In June 2018 at its commissioning, the senior engineer then had made this prophetic comment: “There will be downstream effects – I anticipate that the next junctions along the route will eventually get jammed as well.”
Five years later, this has actually come to pass!
Now it’s the so-called ‘DBKU Roundabout’ (its proper name being Bulatan Datuk Menteri Abang Haji Mohammad Zin bin Haji Salleh) – jams very badly and is in dire need of the same solution – an underpass.
A ‘retired architect’ friend of mine has put it this way: “The biggest problem with roundabouts is that the main traffic flow has to give way to the minor traffic flow at the roundabout. This causes delays for the mainstream, which should have right of way.
“Underpasses on the main route solve this problem. Cars only underpasses cost only 20 per cent of the cost of deep underpasses or flyovers like that at Simpang Tiga.”
Road engineers have, in fact, come up with a draft drawing of how it would actually look like, as shown by the image accompanying this article.
A simple straight-through underpass should suffice at this time – the construction is simple and the cost is less; it would actually cost the same as traffic lights.
Disruption can be almost zero because all the work takes place away from the existing roads, where the land is just grass right now.
How about traffic lights, you may ask?
The problem with traffic lights is that they tend to delay progress when the main route is underused, especially at off-peak periods. Even the very best traffic flow detection system still cannot deal with a few cars in every direction.
The straight-through underpass is still better for cars because it would always be ‘green’ throughout.
It would seem that our politicians and those in the corridors of power are fully aware of the benefits of such shallow underpasses. I understand that just five months ago, an actual request was made for one and it had received a very positive response.
Tupong assemblyman Fazzrudin Abdul Rahman had this to say: “A second underpass in Petra Jaya should be considered, especially in Matang Jaya to ease the traffic congestion.”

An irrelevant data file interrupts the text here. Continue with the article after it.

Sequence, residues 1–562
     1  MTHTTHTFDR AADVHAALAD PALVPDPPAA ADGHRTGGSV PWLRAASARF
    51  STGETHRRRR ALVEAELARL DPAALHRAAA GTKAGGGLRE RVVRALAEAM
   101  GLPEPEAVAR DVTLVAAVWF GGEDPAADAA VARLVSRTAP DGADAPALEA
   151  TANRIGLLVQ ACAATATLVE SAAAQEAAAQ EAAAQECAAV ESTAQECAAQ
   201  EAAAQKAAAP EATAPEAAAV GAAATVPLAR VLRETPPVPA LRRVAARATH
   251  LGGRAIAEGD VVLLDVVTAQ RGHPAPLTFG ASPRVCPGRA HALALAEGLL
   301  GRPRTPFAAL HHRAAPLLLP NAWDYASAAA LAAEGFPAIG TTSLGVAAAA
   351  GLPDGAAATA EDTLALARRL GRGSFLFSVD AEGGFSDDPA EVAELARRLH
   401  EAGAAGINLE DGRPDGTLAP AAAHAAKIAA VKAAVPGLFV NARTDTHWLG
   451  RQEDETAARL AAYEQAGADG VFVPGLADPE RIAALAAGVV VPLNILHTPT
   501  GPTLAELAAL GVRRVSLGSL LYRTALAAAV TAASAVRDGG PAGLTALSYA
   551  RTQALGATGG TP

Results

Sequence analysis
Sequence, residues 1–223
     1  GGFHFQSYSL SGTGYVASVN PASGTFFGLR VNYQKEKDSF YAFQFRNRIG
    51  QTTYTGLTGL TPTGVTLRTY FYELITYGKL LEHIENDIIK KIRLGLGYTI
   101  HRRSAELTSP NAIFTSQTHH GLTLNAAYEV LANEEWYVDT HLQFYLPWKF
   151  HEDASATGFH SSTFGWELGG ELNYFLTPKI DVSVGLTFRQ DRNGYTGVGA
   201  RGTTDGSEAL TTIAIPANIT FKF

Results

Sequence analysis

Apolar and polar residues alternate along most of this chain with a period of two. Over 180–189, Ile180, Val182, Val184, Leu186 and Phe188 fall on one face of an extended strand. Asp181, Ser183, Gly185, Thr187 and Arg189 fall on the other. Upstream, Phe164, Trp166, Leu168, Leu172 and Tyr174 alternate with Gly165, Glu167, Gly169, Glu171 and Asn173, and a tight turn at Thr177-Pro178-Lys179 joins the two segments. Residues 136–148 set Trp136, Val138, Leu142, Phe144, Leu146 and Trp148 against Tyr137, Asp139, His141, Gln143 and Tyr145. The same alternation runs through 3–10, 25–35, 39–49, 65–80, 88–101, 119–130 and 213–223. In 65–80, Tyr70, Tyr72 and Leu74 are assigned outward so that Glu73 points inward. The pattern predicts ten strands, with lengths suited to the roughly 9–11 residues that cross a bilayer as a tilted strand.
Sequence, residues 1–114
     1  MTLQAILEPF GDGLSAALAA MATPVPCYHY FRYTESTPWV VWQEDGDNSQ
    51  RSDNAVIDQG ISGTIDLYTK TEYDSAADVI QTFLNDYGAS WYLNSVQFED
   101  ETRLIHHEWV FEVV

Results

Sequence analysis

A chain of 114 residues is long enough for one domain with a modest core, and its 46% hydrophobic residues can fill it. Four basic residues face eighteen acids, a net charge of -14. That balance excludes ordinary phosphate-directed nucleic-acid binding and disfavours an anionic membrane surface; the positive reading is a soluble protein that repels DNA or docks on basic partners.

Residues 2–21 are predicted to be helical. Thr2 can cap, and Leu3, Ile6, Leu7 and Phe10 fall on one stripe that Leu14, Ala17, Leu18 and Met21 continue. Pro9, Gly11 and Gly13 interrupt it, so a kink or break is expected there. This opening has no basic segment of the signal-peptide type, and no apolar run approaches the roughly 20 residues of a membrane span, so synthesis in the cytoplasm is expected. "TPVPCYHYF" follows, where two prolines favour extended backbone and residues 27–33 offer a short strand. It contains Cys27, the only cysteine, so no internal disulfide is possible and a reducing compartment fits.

I must also mention here that with the opening and commissioning of the number of flyovers and new traffic junctions along the Kuching-Serian highway, I have noticed that traffic flow has been somewhat eased in recent months and weeks. Certainly with peak hours and if these are coupled with rainfall and God-forbid that there is an accident along the stretch, we would still encounter the occasional nightmare jams that could last up to hours.
There is something that needs to be said and act as a reminder to all of us who make use of our roads daily and who will continue to face numerous occasions when traffic jams and bottlenecks are bound to happen, again and again – we all need to be reasonable, calm, courteous and polite road users.
Whenever and wherever you can, give way to those who are either stuck in a long queue trying to get onto the mainstream main road; do not cut across lanes; do not hog the outer lanes if you are not overtaking; do not use your honk unless it is for a real emergency; obey all the traffic laws and unwritten human courtesy of kindness; and most important of all, show patience and do not lose your cool even under very trying circumstances.
My two pet peeves with some recalcitrant drivers along our roads here have to be their bad habits of indiscriminate parking at places not meant for parking as well as blocking others; and the sight of those within moving vehicles who use the roadsides and thoroughfares as their litter bins, simply throwing cigarette butts and other rubbish out of their car windows!
As a humane society and as we continue to gain the respect of all those who compliment and praise us for our lovely and clean city, one that is very conducive to settling down in due to its harmonious and friendly people and its safety, peace and the beauty of its ‘big city but small town’ ambiance, let us as a community set out to rectify the bad habits and to be worthy of all these accolades.
Meanwhile may I wish you all happy and pleasant hassle-free driving – and please stay safe on the roads! Obey the speedy limits and never drive when you drink!